Next, China needs OBOR. At home, its businesses are being squeezed by rising costs and growing demands that they pay more attention to protecting the environment. It makes sense for them to shift some manufacturing overseas—as long as the infrastructure is there.

Lastly, Xi Jinping needs it. He has made OBOR such a central part of his foreign policy and has gone to such lengths to swing the bureaucracy behind the project that it is too late to step back now.

None of this means the new Silk Road will be efficient, nor does it mean China’s plans will always be welcome in countries suspicious of its expanding reach. But the building blocks are in place. The first projects are up and running. OBOR is already beginning to challenge the notion of Europe and Asia existing side by side as different trading blocs.

Two Economist Reports on FIE Law in China

Business in China

Mixed messages

A missed opportunity to improve the environment for foreign companies in China

LI KEQIANG, China’s prime minister, made a big promise to the world’s leading businessmen at the World Economic Forum’s annual gathering in Davos in January 2015. It was that China would introduce a new legal regime for foreign investment that would “treat Chinese and foreign companies as equals”. Its government has duly unveiled a set of revisions to its foreign-investment laws that come into force on October 1st. The standing committee of the National People’s Congress adopted the laws earlier this month and bureaucrats have drafted detailed rules.

The revisions, and the extent to which they fulfil Mr Li’s grand pledge, are an important indicator of how serious the government is about pursuing other initiatives to liberalise rules on foreign investment. China is currently negotiating a bilateral investment treaty (BIT) with the United States. American businesses hope it will lead to greater market access. A BIT with Europe is scheduled to follow.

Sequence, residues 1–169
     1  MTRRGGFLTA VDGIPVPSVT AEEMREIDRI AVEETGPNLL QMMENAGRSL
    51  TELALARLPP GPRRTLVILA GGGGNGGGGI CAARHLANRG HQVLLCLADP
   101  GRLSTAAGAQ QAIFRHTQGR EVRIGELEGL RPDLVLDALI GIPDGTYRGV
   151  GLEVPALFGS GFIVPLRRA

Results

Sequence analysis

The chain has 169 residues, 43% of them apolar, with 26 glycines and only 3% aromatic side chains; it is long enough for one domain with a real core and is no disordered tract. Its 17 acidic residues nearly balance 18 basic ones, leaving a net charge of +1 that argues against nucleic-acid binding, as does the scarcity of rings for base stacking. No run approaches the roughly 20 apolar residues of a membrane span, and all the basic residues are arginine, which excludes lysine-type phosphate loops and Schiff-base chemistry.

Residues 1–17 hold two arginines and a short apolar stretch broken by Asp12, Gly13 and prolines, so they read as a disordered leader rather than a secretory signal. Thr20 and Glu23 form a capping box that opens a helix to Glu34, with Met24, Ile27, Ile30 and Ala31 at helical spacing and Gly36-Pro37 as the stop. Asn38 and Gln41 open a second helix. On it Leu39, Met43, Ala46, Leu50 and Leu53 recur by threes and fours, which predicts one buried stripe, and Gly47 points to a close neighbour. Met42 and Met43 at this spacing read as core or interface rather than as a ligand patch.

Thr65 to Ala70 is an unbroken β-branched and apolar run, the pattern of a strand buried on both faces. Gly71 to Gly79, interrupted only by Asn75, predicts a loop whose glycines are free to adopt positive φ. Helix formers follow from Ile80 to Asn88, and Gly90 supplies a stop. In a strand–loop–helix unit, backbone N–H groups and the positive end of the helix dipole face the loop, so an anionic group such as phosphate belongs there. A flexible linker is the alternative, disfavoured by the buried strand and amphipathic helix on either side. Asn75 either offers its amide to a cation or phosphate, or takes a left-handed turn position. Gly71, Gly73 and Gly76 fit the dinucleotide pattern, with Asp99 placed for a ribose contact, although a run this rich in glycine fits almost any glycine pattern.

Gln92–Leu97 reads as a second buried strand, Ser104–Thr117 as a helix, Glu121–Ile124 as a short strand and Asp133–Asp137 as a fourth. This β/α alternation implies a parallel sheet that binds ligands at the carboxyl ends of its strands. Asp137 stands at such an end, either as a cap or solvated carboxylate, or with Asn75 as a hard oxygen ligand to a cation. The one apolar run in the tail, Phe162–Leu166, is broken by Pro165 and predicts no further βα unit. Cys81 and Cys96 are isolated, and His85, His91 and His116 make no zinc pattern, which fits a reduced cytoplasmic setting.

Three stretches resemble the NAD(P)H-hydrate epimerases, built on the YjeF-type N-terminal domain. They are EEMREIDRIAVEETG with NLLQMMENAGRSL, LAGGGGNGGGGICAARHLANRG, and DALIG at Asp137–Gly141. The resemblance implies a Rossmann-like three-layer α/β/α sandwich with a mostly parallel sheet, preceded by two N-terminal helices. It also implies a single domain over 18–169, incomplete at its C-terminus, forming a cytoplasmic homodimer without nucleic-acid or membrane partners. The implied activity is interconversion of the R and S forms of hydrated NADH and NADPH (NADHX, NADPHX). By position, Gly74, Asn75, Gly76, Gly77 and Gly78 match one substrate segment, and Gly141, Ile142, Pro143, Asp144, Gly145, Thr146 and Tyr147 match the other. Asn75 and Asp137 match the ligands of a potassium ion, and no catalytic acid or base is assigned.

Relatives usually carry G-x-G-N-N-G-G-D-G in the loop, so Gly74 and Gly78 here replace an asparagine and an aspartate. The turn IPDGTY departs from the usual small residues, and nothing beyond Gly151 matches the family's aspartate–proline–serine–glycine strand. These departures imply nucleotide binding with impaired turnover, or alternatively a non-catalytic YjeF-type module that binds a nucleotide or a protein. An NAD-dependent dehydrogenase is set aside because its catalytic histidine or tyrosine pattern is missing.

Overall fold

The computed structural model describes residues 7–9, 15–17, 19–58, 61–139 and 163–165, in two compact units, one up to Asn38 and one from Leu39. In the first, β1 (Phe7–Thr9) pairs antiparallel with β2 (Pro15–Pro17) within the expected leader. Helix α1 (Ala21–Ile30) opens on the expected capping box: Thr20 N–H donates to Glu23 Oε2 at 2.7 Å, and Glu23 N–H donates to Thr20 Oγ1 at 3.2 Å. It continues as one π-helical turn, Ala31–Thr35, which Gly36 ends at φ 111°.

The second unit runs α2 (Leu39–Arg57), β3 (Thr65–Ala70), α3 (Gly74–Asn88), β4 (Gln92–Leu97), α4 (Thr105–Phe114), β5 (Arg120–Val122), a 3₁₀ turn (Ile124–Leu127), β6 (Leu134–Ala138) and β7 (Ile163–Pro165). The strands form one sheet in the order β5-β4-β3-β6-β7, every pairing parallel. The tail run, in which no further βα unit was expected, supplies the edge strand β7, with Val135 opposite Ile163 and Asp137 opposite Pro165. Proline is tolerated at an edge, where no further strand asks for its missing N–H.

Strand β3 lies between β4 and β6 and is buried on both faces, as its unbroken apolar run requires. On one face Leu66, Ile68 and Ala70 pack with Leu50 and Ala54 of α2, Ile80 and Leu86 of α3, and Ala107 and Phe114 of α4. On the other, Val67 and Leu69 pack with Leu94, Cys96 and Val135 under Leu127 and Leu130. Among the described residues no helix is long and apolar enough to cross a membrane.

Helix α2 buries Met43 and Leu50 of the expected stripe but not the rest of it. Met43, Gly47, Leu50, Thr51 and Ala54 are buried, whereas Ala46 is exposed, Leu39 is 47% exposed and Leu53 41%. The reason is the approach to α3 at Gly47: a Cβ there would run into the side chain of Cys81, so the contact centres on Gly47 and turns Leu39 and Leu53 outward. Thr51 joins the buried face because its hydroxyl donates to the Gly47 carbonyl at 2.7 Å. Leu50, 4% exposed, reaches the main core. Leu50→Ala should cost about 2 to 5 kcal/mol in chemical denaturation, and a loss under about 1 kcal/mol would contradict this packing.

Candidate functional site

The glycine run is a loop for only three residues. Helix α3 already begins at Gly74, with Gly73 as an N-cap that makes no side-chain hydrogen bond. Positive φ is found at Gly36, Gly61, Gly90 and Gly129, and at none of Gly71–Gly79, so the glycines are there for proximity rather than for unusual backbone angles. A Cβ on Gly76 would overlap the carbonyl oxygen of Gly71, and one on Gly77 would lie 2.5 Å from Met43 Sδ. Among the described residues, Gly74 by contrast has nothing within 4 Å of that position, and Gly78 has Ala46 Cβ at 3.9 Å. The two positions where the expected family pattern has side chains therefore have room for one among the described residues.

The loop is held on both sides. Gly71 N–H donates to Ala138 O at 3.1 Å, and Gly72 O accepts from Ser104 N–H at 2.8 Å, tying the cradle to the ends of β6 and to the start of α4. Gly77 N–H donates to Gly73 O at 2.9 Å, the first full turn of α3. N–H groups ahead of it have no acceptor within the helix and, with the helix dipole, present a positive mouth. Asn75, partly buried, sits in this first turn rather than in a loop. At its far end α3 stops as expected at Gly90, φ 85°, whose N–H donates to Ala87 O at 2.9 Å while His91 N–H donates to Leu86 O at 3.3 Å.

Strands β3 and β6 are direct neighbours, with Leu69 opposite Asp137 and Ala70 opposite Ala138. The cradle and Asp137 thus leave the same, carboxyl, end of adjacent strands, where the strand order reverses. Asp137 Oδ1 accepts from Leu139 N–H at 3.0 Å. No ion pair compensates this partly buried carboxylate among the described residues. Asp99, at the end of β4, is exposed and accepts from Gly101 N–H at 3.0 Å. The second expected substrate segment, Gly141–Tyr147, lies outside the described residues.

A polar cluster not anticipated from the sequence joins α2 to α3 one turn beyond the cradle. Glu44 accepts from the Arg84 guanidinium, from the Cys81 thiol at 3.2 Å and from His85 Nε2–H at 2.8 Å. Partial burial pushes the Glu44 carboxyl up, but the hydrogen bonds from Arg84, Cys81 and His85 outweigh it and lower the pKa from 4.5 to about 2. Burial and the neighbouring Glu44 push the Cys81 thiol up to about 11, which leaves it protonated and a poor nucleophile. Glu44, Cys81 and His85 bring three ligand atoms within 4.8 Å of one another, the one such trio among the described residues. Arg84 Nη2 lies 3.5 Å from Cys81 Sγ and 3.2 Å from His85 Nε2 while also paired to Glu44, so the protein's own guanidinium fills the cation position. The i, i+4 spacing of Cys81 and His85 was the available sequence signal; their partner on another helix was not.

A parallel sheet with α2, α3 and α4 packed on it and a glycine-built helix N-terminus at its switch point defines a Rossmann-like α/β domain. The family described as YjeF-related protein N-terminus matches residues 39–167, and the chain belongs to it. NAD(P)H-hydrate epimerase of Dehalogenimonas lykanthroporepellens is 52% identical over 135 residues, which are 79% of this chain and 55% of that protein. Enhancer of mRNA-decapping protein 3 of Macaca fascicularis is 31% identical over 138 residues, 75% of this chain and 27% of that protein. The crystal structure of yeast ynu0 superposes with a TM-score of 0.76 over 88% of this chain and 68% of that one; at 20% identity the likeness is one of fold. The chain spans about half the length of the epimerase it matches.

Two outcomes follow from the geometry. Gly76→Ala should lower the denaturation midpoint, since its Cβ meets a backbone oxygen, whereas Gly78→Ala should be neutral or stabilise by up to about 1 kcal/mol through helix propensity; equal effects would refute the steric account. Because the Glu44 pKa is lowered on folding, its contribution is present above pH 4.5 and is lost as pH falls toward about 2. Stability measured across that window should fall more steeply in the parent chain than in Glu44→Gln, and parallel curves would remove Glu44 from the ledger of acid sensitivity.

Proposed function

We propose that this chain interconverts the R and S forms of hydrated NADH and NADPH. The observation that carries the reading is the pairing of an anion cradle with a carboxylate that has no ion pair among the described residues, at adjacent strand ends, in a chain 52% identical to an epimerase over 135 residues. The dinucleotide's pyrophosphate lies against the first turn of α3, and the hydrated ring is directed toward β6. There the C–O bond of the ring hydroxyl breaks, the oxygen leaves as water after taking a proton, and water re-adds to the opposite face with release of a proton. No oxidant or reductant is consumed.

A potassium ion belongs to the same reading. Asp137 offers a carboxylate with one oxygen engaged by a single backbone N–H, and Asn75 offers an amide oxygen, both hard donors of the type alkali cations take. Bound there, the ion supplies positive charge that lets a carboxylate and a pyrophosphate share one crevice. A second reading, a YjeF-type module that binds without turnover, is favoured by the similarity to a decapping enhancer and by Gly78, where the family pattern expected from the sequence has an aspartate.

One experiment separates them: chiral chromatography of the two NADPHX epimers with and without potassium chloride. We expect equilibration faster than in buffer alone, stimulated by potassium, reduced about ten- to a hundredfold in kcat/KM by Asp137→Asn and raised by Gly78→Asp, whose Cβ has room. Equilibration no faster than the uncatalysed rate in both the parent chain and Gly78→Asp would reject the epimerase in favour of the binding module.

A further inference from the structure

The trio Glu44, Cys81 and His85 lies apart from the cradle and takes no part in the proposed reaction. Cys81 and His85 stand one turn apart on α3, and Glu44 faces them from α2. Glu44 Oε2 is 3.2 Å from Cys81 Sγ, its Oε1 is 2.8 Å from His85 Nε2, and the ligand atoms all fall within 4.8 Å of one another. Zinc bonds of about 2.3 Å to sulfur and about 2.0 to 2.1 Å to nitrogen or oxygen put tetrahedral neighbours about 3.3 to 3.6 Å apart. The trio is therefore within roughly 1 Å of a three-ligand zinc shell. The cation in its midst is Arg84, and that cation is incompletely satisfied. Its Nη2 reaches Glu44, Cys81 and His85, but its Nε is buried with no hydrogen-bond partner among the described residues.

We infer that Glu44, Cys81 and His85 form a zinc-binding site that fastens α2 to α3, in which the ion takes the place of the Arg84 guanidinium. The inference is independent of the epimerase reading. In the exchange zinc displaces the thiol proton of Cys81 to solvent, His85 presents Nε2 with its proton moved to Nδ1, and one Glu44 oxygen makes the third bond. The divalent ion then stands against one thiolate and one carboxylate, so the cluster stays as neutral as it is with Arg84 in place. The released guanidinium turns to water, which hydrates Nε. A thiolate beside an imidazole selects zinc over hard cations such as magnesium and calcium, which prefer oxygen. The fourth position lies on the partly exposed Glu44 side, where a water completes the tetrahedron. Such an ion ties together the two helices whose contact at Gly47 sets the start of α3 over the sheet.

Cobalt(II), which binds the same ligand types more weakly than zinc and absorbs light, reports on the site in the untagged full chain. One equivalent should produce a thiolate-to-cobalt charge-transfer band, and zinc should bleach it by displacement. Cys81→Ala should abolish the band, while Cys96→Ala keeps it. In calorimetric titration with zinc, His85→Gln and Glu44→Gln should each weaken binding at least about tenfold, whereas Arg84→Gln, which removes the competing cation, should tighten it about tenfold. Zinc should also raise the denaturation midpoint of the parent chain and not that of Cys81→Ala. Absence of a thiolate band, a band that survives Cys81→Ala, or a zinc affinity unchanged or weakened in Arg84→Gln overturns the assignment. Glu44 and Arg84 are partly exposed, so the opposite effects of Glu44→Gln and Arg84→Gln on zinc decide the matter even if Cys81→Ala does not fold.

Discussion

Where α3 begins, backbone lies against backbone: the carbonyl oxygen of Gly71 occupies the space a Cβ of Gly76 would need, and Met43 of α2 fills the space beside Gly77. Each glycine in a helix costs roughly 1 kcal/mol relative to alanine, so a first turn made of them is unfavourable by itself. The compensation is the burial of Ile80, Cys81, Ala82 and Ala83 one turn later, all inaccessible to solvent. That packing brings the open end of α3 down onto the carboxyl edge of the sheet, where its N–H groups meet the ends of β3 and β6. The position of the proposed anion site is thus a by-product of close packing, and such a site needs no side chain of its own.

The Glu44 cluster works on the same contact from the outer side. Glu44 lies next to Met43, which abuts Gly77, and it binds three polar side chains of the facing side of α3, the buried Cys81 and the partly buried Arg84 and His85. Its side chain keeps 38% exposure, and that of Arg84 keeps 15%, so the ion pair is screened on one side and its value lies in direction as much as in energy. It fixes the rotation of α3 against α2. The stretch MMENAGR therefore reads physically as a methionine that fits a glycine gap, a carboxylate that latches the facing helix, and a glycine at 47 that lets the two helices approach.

How, then, do the changes measure up? On the face of it, they involve a welcome shift away from the current regime, which obliges foreign firms to win numerous approvals and is both burdensome and often influenced by domestic politics. The new framework pursues efficiency. Instead of demanding approvals, it seeks to usher in a simpler, registration-based system. Whereas the current approach is based on a long list of strategic industries in which foreign investment is either restricted or off-limits, the overhaul promises to replace it with a relatively short “negative list” of forbidden investments in areas such as defence and media. According to some, such as Hogan Lovells, a law firm, the reforms herald a sea-change in China’s foreign direct investment (FDI) regime.

Yet the revisions leave intact much that is wrong. China has kept a complex set of rules restricting inflows for decades. As well as the long-standing practice of deeming many industries strategic, the government still requires foreign firms to form joint ventures with Chinese companies and to hand over intellectual property via technology transfers. Repatriation of profits is tightly controlled. And because the approvals-based approach is likely to persist, despite official promises, every foreign investment is subject to the vagaries and corruption that comes with a one-party, highly bureaucratic state.